At The End of the Day…

Another ‘last,’ today is my ‘last’ Wednesday of our season as assistant wardens. Waking up in our caravan at Longleat, I’m busting for a wee, the microwave tells me it’s 5.29am. I hate waking up so late in the night, early in the morning, for a call of nature, it means not much time left snuggled up in the warmth snoozing, before morning creeps through the skylights. This morning is different, it’s the day before Halloween and there’s a noise I haven’t heard at this time of the day before, wolves, pack howling. I stand at the caravan door letting all the warmth out, freezing in my Jim jams, revelling at a sound I may never hear again. In the rain, the pavements shine like silver… Non stop howling, there’s something magical and eerie hearing them as the world around me slumbers on. Only in Wiltshire.

Today is a day off, a family day. We are all heading into London, Jellybeans and Guy Ropes (the girls’ boyfriends, for those of you that don’t know) too. As it’s half term we’re hitting London from different parts of the south, all on trains, to meet under the clock at Waterloo. Will they have a red rose or a newspaper? Or maybe I’ll just recognise them!

All present and correct, we hit the streets of London. Since moving south 13 years ago we’ve been in and out of London loads of times for various reasons. I still love it though, the sights, the sounds, the hustle and bustle. I never seem to tire of revelling in the beauty of the buildings. I dreamed a dream of times gone by… the history and the tales some of these buildings could tell. The iconic Big Ben is shrouded beneath scaffolding but still people take it’s photograph.

The weather is dry and mild. We wander aimlessly, killing time, looking as Christmas lights are hung and markets are being built.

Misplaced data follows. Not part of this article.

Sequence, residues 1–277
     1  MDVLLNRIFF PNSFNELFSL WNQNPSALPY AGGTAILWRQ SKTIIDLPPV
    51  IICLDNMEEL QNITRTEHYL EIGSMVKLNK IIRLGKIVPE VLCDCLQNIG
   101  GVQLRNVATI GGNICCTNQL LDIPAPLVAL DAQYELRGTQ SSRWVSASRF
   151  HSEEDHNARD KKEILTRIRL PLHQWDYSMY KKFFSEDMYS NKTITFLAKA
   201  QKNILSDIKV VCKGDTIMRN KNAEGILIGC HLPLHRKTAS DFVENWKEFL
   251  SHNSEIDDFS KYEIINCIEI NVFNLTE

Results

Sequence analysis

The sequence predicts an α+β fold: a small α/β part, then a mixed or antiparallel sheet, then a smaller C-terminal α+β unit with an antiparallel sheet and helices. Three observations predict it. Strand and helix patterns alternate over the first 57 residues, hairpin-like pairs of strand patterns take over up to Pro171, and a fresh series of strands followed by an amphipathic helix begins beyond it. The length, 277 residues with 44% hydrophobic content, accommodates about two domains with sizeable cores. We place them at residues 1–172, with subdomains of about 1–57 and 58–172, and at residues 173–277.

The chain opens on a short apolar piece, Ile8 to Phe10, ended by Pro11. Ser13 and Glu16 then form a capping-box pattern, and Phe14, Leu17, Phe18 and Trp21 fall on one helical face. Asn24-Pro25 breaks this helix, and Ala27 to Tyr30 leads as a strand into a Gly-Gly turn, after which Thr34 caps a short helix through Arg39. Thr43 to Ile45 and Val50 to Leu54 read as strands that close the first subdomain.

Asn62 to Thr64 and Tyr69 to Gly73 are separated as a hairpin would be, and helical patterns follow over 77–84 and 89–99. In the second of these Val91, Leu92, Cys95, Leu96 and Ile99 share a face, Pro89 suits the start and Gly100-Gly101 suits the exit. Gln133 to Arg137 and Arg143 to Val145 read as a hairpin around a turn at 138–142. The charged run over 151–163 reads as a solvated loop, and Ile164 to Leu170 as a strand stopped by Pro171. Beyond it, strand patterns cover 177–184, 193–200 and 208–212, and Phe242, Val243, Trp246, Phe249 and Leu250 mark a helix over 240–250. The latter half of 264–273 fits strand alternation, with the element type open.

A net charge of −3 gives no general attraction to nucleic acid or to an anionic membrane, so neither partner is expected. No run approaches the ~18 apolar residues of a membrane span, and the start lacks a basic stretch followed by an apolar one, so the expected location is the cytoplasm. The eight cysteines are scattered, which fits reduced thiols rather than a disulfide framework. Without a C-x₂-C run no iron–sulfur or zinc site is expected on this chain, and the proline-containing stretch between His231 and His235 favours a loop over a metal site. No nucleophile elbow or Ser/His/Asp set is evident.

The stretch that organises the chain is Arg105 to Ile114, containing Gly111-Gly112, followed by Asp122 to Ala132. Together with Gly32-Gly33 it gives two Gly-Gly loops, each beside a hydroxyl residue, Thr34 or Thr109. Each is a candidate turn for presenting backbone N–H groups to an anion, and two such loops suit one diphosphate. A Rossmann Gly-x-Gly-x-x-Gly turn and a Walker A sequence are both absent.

The entrance from Whitehall to Horseguards Parade, I get a photo every time we go, no idea why, I just do. One particular horse is being aggie, fed up of having his photo taken, fed up of being stood still for an hour, fed up of having a soldier sat on his back. We trundle through and see that crowds are starting to gather behind a white line painted on the floor. Typically British, we join them, no idea what we are waiting for but I love any kind of pomp and ceremony. You at the barricades listen to this! A soldier starts shouting and the horses are ridden into the square, it seems we have stumbled upon The Dismounting Ceremony also known as The Four O’Clock Parade. Police with guns stand in the wings as a handful of soldiers come marching out, stand in line and with eyes forwards, we are treated to an Inspection of The Guard by an Officer. I must be getting old, the soldiers look about 12 years old and The Officer, 16 at a push.

Horses safely sent back to bed down in their stables and we amble off towards Chiquito’s for sizzling steak fajitas, sustenance, to fuel us through the reason we are in London today, Les Miserables, the stage concert at The Gielgud Theatre.

Thirty or so years ago, in a life before Jellybeans, The Boss took me into Manchester for a surprise birthday night out. As we drive into the city centre, Michael Barrymore’s name was in lights above one of the theatres, he was appearing in Cinderella, with it being Christmas, I got all excited. We carried on driving towards The Palace Theatre were Les Miserables was up in lights above the door. The ungrateful, teenage me, started to moan, ‘It’s all going to be in French, it’s bound to be miserable’ why not the pantomime? In we go, me, now sulking, I really did deserve a slap. The lights went down, the curtain went up, the first notes played, Look down, look down, you’ll always be a slave. Look down, look down, you’re standing in your grave… Jean Valjean is granted parole and I’m hooked. I treated myself to the CD of the musical years later and sang every word to the Jellybeans as they grew up. Fast forward to moving south and my 40th birthday and The Jellybeans are given a whistle stop run down of what it’s about as they are about to surprise me with a flight on the London Eye and another trip to Les Mis. Singing my head off, I got a nudge in the ribs and told to shut up.

This time, I’m given strict instructions not to sing. I’m willing to behave, whilst I may be quiet, inside I’ll be singing my head off. This is the stage show, not the musical, all the same music but this time with stars that have appeared in the musical over the years, Michael Ball, Alfie Boe and Matt Lucas as M. Thenadier, Master of the House.

I’m in my element and don’t want it to end, who’d’ve thought that as the cast get a standing ovation, years ago, I was sulking because Michael Barrymore wasn’t my birthday treat. It’s funny how tastes change as we get older.

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